The 2011 Green Drop Report listed Ventersdorp as being 100% in the ‘critical risk’ category. Nine other towns in the province also fall into this category. The Green Drop assessment team observed that ‘the municipality was totally unprepared [for the visit] despite various notifications; the water services authority shows limited interest in – and knowledge of – their wastewater business’.  As in Marquard, the regulator found that these conditions pose a significant health and environmental risk. 

The concluding findings were that:
•    Not one of the Green Drop criteria or requirements was met during the assessment;
•    100% of all collection and treatment systems do not conform to their legal compliance or to standard norms and good practice; and
•    all aspects need to be addressed in a systematic, risk-based fashion to first achieve a minimal (basic) level of functionality, before moving wastewater business towards a more sustainable future.

Most of the recommendations of the 2011 Green Drop Report or comprehensive Ventersdorp WSDP have not been implemented. The only improvement is that the waste water treatment works are now monitoring and logging the flow of waste water.

In preparing for this visit, my phone call to the manager of the WSDP project revealed that he could not even provide a site address for the Ventersdorp Waste Water Treatment Works.
Sludge continues to be dumped at the waste water treatment site and sewerage has been flowing from the plant into the Tshing community for approximately two months. Nothing has been done about this.

There is no reliable access to water for members of the informal settlement opposite Tshing’s Extension 5.  The closest available tap is at the waste water treatment plant. Community members have to walk at least a kilometre to get there.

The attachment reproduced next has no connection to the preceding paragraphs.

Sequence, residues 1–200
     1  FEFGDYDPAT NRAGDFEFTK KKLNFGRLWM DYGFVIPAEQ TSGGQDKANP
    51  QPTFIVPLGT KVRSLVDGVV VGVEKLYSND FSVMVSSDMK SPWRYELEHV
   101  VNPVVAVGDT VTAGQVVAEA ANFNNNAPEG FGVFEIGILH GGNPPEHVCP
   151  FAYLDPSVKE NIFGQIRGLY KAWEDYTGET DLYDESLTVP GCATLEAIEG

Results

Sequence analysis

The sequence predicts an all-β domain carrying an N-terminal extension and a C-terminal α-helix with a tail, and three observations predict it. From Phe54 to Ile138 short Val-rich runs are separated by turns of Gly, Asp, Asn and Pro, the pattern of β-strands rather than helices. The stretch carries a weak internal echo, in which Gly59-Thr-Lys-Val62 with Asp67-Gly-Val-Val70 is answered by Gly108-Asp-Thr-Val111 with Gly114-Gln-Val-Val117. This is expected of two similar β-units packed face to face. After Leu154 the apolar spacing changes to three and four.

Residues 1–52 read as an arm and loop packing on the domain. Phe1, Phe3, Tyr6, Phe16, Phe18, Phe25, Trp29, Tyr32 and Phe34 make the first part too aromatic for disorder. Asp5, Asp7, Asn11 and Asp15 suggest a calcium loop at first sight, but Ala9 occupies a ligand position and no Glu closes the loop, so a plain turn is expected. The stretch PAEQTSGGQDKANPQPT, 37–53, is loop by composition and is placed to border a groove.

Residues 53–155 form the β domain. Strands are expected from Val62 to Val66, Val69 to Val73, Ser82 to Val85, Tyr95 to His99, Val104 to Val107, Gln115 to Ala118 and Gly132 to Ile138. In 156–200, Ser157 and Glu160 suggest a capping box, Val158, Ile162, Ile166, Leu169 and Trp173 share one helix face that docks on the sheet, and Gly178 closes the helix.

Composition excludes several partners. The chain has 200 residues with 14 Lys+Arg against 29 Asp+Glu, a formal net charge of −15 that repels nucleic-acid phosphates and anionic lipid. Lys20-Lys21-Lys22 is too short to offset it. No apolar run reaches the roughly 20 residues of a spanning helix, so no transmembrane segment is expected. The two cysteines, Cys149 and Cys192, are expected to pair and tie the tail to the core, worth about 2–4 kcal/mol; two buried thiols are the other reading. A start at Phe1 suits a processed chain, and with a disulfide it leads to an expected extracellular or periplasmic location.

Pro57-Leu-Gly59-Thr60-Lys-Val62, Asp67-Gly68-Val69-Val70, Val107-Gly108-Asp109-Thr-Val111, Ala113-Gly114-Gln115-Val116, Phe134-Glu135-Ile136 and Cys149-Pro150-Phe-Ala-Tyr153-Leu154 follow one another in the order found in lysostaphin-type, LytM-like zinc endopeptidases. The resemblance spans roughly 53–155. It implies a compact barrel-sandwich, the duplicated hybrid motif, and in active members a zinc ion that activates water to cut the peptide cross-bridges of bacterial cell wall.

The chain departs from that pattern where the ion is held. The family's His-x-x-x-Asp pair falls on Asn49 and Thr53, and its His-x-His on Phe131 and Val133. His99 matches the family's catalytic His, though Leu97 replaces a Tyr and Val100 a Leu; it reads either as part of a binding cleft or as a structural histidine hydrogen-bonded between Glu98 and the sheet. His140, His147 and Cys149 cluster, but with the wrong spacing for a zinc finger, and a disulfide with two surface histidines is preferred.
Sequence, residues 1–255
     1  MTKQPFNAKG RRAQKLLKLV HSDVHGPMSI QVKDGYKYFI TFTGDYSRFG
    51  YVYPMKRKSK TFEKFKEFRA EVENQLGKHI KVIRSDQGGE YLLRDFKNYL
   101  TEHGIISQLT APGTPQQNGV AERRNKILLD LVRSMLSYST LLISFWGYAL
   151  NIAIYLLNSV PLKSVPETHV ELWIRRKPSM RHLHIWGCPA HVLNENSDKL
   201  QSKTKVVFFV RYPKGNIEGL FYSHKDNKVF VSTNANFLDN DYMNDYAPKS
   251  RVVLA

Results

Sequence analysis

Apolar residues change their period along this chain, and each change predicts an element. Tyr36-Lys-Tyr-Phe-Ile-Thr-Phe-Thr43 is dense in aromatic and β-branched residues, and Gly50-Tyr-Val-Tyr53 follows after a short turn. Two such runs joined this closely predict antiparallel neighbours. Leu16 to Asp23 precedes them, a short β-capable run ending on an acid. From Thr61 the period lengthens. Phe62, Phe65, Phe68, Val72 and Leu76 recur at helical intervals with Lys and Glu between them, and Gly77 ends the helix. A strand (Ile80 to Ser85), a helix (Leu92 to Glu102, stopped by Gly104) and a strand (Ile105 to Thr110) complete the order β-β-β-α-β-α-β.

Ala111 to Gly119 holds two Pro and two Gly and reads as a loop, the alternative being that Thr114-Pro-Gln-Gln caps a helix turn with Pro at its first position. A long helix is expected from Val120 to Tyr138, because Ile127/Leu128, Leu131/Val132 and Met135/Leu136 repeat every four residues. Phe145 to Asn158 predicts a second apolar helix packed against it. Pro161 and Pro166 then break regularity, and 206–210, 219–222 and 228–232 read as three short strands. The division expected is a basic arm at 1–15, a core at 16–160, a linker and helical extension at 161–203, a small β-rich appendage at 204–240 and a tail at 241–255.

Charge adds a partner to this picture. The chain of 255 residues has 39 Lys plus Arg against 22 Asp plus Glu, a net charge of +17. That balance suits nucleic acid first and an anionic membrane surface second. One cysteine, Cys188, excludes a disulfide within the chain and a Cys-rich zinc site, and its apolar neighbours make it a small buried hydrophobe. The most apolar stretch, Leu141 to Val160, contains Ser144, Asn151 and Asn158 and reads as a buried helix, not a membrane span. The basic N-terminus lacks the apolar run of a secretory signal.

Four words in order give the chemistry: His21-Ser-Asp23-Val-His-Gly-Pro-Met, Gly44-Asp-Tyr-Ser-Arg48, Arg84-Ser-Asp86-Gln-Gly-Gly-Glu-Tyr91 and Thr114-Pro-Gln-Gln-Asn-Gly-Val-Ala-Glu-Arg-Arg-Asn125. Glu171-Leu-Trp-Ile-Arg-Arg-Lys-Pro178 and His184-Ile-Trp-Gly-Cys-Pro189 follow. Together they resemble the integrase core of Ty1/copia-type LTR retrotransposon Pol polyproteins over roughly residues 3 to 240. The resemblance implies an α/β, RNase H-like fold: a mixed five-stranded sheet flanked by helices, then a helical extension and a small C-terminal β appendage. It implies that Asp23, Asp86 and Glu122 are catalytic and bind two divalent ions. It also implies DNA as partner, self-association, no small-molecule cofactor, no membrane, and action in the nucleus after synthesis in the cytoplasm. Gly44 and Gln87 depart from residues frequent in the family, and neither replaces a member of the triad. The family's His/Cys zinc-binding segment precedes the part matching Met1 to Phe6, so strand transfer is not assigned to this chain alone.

What we saw today indicates a growing trend of apparent disregard for the basic needs of ordinary South Africans. No progress is being made in realising progressive rights – like the right to water. This cannot be allowed to continue.

Is there proof for the perceived effect of Rietvlei’s water mixers?

8 April 2012

Rietvlei Dam (Pretoria, South Africa) (Photo: Bill Harding)

In recent weeks several articles have been published on the apparent beneficial effects of installing a particular make of water circulators in South Africa’s Rietvlei Dam, a very-polluted reservoir situated south-east of Pretoria.  Some of these articles, e.g. this link issued by the US Embassy, or placed in journals including that of a national research organization, suggest an endorsement of the technology – which is odd because such a step should only follow a process of exhaustive, rigorous research. Read more »

Water quality killing 4000 babies a day?

8 April 2012

It always rains at Easter…well it has again this year.  Here in the Western Cape (South Africa), we are enjoying a well-deserved very wet Easter, as wet as it used to be back in the 1980s when the farmers with their red cultivars still on the vine used to dread rains about now.  After a long dry period of many months, no-one can complain though.  Even the ultra-marathon runners had a cool outing yesterday in the Two Oceans.  Well done John and his Dad for those excellent times! Read more »